Former USSR practices are US practices
By ALEX RODRIGUEZ | Chicago Tribune
August 12, 2007
MURMANSK, Russia - Heavy sedatives keep Larisa Arap languishing in a woozy haze at a mental asylum, the victim not of a troubled mind, her family says, but of a Soviet-era practice that continues to muzzle and punish dissent in today's Russia.
Earlier this summer, Arap, an activist with former chess champion Garry Kasparov's opposition movement, co-wrote an article that alleged abusive practices at local psychiatric clinics. When Arap appeared at a Murmansk clinic to pick up a routine medical certificate July 5, a doctor called police and had her taken to a local asylum.
The doctors handling Arap's case have made it clear why they want her committed to a mental institution, says Arap's daughter, Taisiya.
"One of the doctors asked whether I thought it was normal to write such things," Taisiya Arap said. "She said, `It's not possible to write such things. It's forbidden.'"
The Soviet Union routinely locked up dissidents in asylums, a practice that attracted worldwide condemnation because of the protests of Andrei Sakharov and other human rights activists. Today, 16 years after the Soviet collapse, authorities are increasingly returning to psychiatry to suppress political opponents or punish activists, according to human rights organizations and other watchdog groups.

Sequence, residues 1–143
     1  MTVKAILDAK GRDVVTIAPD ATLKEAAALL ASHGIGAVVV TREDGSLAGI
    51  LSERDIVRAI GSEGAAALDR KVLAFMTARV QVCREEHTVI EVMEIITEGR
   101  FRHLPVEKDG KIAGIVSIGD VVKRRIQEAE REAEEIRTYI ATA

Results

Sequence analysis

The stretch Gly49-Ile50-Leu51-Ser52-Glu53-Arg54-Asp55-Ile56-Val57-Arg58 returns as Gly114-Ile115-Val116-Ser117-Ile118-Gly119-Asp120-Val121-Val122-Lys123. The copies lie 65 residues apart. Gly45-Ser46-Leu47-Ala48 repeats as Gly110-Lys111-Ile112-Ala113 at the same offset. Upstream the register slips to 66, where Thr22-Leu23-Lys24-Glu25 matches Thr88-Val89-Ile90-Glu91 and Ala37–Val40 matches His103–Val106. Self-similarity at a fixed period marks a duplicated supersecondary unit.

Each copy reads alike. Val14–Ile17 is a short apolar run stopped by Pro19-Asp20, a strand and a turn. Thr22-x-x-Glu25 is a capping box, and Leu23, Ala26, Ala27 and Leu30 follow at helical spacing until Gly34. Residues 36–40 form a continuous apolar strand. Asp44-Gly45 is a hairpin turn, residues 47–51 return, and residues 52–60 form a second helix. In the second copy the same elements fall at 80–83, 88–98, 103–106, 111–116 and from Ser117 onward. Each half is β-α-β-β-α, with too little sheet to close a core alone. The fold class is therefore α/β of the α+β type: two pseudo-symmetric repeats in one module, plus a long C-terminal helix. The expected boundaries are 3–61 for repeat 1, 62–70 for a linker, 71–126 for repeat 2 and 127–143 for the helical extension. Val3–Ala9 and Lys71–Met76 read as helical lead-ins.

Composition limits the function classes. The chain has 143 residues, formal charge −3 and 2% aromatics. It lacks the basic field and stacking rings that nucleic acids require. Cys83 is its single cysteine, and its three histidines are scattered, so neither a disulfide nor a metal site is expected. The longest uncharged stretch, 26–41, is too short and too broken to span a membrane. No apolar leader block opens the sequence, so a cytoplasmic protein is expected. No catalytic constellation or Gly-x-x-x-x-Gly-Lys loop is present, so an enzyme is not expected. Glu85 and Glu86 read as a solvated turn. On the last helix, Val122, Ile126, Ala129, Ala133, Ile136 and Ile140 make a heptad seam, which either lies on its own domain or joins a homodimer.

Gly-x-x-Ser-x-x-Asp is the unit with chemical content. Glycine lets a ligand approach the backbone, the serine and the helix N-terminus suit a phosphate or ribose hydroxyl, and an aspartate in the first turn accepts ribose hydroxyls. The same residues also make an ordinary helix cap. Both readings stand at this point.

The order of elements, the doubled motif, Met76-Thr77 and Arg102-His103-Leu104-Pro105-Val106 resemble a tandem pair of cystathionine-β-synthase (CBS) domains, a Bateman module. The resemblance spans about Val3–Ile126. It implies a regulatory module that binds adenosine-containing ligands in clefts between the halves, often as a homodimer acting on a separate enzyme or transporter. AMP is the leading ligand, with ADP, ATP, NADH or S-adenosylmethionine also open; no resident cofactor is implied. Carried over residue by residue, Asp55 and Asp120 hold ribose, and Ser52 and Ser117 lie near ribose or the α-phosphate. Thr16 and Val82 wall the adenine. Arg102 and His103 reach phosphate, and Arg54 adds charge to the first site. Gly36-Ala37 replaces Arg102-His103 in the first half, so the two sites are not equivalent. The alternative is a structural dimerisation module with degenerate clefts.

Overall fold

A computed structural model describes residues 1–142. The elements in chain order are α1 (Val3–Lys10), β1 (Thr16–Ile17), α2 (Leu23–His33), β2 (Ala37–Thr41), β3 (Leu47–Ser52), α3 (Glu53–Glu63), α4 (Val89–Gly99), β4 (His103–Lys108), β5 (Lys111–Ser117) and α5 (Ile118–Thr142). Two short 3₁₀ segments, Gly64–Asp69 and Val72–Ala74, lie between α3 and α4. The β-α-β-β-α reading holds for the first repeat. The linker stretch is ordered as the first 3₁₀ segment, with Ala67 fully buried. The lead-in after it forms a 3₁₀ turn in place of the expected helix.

The trend reflects a government that has yet to fully divest itself from a Soviet way of thinking and governing, says Yuri Savenko, president of the Independent Psychiatric Association of Russia.
"We're returning to this Soviet scenario when psychiatric institutions are used as punitive instruments," said Savenko. "I call this not even punitive psychiatry but police psychiatry, when the main aim is to protect the state rather than to treat sick people."
Soviet psychiatrists revised definitions of mental illnesses, describing paranoia as an obsession with "the struggle for truth and justice," says Vladimir Bukovsky, a writer and dissident who spent 12 years in Soviet labor camps and asylums.
"Delusion of reform - that was another Soviet definition of psychological illness," said Bukovsky, now 64 and living in London.
Arrested in the early 1960s for arranging poetry meetings in the center of Moscow, Bukovsky spent nearly two years of his imprisonment in an asylum in Leningrad, now called St. Petersburg. Doctors heavily sedated inmates to control them.